Figure 3 shows the relationship between the CRB index and US10 bond prices majority of the time both have a negative correlation.
Bond prices are closely tied to the direction of the economy. As a result, a weaker economy produces higher bond prices (and lower bond yields). Conversely, a stronger economy results in weaker bond prices (and stronger bond yields). Of the 19 commodities in the CRB Index, copper is the most closely tied to the economy. As a result, copper is very closely tied to the trend of the bond market.
Investors can use ratio analysis in asset allocation between different assets. Figure 4 shows the ratio between the CRB index and US10 prices when the ratio moves in an uptrend means commodities are outperforming the bond market and it is a good time to be overweight in commodities.
The relationship between Stocks and commodities
The two markets are trending together, and the correlation between the two markets swung between positive and negative. however, the correlation between the two markets is an average positive correlation.
Figure 5 shows the relationship between the CRB index and stock prices majority of the time both have a positive correlation.
Figure 6 shows the ratio between the CRB index and stock prices when the ratio moves in an uptrend means commodities are outperforming the stock market and it is a good time to be overweight in commodities.
The use of Intermarket correlation analysis can help you improve your trading system by avoiding trades against the prevailing direction of correlated markets, but can also be used on its own to develop a complete system based on divergences between two or more highly correlated markets. Knowing the correlation of the market you propose to trade with other markets is very important for predicting its future direction. In addition, short-term traders can take advantage of the time difference between world markets and anticipate the next day’s movement. Asian markets are the first to start trading, followed by European markets. For a US trader, the insight gained from all preceding markets is a valuable tool in predicting at least the opening in his local market.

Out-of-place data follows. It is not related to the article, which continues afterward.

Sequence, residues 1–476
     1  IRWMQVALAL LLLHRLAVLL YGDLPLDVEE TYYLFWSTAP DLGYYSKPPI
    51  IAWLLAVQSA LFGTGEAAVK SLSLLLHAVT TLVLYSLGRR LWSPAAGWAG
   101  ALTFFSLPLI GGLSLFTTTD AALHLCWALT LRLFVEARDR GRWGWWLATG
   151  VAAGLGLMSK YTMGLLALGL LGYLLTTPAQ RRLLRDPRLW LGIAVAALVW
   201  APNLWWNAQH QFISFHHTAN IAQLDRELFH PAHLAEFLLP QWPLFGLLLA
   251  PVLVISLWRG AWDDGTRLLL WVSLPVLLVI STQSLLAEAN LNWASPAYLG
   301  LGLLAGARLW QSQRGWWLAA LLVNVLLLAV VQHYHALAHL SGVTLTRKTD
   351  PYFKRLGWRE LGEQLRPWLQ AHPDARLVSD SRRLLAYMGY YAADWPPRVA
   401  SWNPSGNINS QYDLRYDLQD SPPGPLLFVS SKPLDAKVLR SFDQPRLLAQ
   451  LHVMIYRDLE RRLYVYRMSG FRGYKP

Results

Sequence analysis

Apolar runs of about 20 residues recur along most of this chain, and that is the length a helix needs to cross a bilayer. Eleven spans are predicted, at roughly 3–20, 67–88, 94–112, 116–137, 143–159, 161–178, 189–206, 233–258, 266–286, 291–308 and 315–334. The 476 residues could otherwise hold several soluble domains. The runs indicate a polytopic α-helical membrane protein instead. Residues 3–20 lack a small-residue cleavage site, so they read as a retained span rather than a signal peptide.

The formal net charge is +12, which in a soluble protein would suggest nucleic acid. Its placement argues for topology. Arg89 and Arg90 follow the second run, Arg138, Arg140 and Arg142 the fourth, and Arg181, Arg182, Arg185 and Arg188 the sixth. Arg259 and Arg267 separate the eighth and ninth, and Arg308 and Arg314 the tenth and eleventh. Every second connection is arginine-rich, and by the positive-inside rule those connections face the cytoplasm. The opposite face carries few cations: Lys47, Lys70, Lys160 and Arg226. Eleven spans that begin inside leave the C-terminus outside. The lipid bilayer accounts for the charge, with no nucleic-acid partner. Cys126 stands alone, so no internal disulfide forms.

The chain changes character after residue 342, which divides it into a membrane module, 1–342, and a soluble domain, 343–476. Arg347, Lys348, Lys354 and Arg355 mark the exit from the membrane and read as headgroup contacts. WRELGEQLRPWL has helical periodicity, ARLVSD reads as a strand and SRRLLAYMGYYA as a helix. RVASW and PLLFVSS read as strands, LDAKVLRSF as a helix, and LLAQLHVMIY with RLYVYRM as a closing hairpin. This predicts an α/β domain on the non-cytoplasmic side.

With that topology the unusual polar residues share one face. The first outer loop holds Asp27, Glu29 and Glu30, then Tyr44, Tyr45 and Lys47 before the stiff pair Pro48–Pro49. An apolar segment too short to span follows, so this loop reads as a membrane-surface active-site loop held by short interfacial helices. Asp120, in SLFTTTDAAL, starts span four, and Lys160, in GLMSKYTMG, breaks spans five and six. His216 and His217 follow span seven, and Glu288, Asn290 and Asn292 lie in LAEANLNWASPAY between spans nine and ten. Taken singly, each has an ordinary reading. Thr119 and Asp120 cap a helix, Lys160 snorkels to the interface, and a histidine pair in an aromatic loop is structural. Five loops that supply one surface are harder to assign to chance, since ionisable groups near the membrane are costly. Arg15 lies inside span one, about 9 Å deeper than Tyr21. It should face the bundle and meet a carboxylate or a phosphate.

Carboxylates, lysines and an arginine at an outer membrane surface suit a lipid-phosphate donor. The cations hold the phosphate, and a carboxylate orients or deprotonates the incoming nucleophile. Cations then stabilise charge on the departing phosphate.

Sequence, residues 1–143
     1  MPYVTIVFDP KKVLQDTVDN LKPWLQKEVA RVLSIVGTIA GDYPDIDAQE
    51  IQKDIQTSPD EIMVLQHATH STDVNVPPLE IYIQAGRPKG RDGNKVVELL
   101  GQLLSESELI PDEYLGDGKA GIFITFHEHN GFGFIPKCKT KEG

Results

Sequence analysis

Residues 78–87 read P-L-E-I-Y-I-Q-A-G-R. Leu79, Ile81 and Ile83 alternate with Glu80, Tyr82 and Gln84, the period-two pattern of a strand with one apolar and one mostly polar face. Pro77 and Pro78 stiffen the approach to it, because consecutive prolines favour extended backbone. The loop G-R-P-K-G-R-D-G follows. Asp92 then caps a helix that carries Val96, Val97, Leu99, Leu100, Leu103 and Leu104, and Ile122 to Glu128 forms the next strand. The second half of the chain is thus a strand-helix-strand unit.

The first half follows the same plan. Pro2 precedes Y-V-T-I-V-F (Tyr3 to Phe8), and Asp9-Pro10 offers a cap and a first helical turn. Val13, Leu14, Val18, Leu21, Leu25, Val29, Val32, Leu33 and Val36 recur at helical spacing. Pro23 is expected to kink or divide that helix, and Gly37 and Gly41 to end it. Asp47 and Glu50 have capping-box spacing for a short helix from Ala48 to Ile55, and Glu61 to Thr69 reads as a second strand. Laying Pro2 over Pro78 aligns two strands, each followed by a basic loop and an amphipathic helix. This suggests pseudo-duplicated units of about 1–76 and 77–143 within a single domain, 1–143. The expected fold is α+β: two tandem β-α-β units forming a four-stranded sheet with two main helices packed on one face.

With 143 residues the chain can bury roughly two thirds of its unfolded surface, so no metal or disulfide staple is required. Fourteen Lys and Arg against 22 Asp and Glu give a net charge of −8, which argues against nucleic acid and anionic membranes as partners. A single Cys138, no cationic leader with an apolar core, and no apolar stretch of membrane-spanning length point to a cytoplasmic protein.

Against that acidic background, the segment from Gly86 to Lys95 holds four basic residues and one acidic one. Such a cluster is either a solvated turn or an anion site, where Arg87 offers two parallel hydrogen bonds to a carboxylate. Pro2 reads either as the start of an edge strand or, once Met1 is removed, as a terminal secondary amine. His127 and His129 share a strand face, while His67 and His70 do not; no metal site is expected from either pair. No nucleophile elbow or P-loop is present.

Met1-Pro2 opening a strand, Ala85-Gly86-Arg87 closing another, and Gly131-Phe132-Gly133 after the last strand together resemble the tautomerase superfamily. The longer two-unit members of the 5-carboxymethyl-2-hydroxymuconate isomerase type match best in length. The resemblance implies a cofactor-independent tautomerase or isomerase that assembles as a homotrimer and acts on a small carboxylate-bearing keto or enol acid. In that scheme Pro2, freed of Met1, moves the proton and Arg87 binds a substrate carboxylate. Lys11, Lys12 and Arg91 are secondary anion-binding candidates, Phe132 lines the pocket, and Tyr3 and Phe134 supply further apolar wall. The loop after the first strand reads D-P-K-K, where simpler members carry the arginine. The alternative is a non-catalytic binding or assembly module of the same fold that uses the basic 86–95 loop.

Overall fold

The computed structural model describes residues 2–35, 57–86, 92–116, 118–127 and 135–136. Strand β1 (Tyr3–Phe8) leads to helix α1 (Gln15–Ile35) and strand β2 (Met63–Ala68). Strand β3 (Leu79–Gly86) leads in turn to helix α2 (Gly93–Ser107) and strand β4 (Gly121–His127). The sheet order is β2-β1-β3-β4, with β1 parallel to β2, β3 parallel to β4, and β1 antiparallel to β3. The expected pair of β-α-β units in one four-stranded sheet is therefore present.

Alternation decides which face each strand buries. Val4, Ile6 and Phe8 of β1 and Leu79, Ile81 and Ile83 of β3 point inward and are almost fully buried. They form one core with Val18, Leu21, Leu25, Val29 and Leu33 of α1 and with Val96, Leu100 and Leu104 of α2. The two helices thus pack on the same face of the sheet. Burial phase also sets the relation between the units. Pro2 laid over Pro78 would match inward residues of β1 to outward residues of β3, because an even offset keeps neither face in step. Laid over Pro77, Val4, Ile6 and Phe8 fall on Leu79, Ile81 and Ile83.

Intermarket analysis can also be useful in estimating the duration and state of the business cycle by watching the historic relationship between bonds, stocks, and commodities as economic slowing favor bonds over stocks and commodities.
Near the end of an economic expansion bonds usually turn down before stocks and commodities and the reverse is true during an economic expansion. Bonds are usually the first to peak and the first to bottom and can therefore provide ample warning of the start or the end of a recession. Bonds have an impressive record as a leading indicator for the stock market, although this information cannot be used in constructing a trading system as the lead times can be quite long, ranging from one to two years.
Intermarket analysis is all about relationships. All of the charts included are designed to show how closely related all financial markets are and, more importantly, how that information can be used to improve the forecasting process. Intermarket analysis is also an increasingly important part of technical analysis. Correlations between the various financial markets over the past few years have gotten so strong that it’s nearly impossible to understand what’s happening in any one market without knowing what’s also happening in all of the other markets. Fortunately, it’s not that hard to keep track of all those markets.
The content published above has been prepared by CFI for informational purposes only and should not be considered as investment advice. Any view expressed does not constitute a personal recommendation or solicitation to buy or sell. The information provided does not have regard to the specific investment objectives, financial situation, and needs of any specific person who may receive it, and is not held out as independent investment research and may have been acted upon by persons connected with CFI. Market data is derived from independent sources believed to be reliable, however, CFI makes no guarantee of its accuracy or completeness, and accepts no responsibility for any consequence of its use by recipients.